Freudian Elektra

Patrice Chéreau’s last major opera production was of Strauss’ Elektra for the 2013 Aix-en-Provence Festival where it was recorded.  It later appeared with a different cast at the Met and was broadcast in HD but that performance has not yet been released on disk.  It’s a very good example of Chéreau’s work.  The towering, blocky sets recall his From the House of the Dead and are equally dark and grey.  The interest is all in the characters.


There’s a very interesting interview with Chéreau on the disk which highlights the lengths he goes to to understand the piece and the characters.  This is particularly important with a piece like Elektra where the story, in various versions, has been around for 2,500 years and we all know it to some extent at least.  Chéreau is particularly interested in what parts of the story von Hofsmannthal and Strauss have chosen to emphasise and which elements they have ignored.  For example, there is no mention of Iphigenia in the libretto.  Either von Hofsmannthal assumes we don’t need to be told about Clytemnestra’s motivations or he is choosing to make her an apparently motiveless murderess.  Equally, there’s the focus on her dreams, which don’t feature at all in Sophocles.  Given the time and place von Hofsmannthal was writing that’s a bit of a giveaway.  So, the bottom line is that Chéreau chooses to characterize the protagonists in slightly unusual, but to my mind, effective ways.  Clytemnestra is not the raddled old hag we often see.  She is stately and dignified.  Obviously once very beautiful.  Very much a queen.  Chrysothemis is not a rather pathetic wimp but the one sane person who yearns for a normal life even at a price.  All this makes Elektra herself seem even more crazily obsessive than usual and makes a twist at the very end entirely plausible.


The cast seem to totally buy into their characters.  Evelyn Herlitzius is magnificent in the title role.  It’s a spot on singing performance but it’s the way that she uses her body to convey Elektra’s changing mental states that is really impressive.  It’s totally immersive.  Waltraud Meier’s Clytemnestra is downright scary.  She also sings beautifully.  Her’s is not a worn out voice!  Again, very impressive.  Adrianne Pieczonka, in this context, has a straightforward job to be a foil for the other two.  She does this more than adequately.  The men too seem somewhat downplayed by this approach but they too are perfectly fine.  It’s really all about Elektra and Clytemnestra and that side of things is electric.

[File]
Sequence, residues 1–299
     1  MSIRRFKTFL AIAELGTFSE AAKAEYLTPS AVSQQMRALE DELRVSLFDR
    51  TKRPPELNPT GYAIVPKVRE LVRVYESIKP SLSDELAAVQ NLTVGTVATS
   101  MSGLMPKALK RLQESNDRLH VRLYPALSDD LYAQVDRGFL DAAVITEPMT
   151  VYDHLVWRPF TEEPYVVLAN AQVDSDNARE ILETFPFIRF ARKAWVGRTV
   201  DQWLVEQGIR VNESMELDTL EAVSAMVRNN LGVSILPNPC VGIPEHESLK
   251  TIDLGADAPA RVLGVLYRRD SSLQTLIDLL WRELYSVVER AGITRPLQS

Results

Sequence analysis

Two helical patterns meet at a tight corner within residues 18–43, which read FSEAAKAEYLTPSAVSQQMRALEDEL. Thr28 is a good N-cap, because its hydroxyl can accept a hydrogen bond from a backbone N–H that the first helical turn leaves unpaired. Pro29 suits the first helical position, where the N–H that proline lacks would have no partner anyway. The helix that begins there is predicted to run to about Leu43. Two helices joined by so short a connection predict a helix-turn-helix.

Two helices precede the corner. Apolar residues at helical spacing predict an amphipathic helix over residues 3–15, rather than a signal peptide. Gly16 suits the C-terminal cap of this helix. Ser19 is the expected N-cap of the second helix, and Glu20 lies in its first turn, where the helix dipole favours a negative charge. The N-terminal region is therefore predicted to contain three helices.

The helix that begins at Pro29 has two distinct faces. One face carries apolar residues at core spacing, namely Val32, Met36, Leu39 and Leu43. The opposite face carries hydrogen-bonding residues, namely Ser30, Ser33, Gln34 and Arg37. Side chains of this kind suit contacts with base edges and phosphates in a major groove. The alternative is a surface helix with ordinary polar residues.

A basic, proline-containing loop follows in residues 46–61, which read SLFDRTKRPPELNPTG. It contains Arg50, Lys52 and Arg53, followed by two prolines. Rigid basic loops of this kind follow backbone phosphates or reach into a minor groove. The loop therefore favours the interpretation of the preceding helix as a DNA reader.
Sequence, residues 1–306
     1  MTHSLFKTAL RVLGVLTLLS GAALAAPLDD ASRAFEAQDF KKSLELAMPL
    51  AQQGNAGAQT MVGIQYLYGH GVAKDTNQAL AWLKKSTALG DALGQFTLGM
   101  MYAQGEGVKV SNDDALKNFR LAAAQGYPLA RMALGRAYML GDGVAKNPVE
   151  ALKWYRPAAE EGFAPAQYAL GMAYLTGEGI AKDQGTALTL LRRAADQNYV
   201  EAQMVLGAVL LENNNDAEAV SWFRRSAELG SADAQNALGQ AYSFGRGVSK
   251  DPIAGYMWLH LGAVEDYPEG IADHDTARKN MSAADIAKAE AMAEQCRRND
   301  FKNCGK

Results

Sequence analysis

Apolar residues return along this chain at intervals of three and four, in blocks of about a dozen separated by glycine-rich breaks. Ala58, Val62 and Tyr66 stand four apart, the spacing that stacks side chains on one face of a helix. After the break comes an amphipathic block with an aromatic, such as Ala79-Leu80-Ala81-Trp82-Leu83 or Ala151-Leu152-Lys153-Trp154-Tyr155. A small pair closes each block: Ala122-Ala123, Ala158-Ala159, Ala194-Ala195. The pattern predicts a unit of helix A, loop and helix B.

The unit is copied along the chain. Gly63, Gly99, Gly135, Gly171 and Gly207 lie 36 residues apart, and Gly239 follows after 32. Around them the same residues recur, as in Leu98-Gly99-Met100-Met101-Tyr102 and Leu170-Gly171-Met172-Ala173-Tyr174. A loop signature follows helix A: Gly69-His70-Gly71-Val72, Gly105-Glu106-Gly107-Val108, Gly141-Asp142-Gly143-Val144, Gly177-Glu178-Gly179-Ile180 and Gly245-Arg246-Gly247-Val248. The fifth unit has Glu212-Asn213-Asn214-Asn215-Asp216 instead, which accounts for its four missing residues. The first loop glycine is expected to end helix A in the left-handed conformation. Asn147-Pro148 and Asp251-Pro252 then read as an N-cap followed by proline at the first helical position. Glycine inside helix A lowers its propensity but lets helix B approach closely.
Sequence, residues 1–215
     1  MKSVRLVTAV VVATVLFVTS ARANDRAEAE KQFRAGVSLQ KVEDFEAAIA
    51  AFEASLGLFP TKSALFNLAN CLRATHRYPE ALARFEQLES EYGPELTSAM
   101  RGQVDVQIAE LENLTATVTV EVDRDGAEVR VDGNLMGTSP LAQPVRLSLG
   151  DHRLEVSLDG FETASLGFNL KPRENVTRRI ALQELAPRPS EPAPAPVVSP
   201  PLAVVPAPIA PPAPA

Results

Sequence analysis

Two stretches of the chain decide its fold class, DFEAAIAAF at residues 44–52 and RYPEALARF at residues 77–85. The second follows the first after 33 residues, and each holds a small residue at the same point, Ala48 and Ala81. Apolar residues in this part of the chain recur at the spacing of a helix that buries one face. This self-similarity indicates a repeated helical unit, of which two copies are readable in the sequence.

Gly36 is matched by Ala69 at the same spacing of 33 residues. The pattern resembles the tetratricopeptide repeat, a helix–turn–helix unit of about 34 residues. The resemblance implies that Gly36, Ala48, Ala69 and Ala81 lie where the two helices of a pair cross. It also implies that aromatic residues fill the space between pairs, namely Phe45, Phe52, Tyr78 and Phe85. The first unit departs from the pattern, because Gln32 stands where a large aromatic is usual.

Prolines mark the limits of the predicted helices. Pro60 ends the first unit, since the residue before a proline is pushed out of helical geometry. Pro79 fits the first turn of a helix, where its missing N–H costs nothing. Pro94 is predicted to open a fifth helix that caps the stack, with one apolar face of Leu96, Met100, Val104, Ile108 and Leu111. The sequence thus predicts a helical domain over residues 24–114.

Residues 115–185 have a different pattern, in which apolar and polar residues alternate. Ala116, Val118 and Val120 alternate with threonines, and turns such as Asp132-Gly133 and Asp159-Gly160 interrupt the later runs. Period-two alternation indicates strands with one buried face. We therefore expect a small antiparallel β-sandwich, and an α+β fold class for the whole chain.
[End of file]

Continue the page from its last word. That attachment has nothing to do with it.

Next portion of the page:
Esa-Pekka Salonen is in the pit with the Orchestre de Paris.  I found his approach intriguing.  I don’t think I have ever heard this score sound so lyrical.  The toughness and violence is there too but the lyrical passages are extremely, and rather surprisingly,  beautiful.


Stéphane Metge’s video direction is a bit frenetic and close up obsessed but it’s not too, too bad.  Picture and sound (DTS-HD) on Blu-ray are very good indeed.  The included bonus interview is a must see; preferably before the main feature.  Subtitles are Italian, Spanish, German, French and oddly archaic English; “she cleft his flesh in twain” and so on.  The packaging is unusual in that it’s a booklet with a disk inside in a pocket rather than the conventional plastic case.  It’s quite handsome and contains a track listing, synopsis and essay by Chéreau.


This production made me see Elektra from some new and different angles which is, I think, always one of the signs of a good production.  It’s supported by very fine performances from Herlitzius and Meier and illuminating conducting from Salonen.  I would say this is probably first choice on video for this piece but I’ll be intrigued to see how it looked and sounded at the Met if and when that performance is released.  Plus Lehnhoff’s Salzburg production is also very fine.

1 thought on “Freudian Elektra

  1. Pingback: Full of sound and Furies | operaramblings

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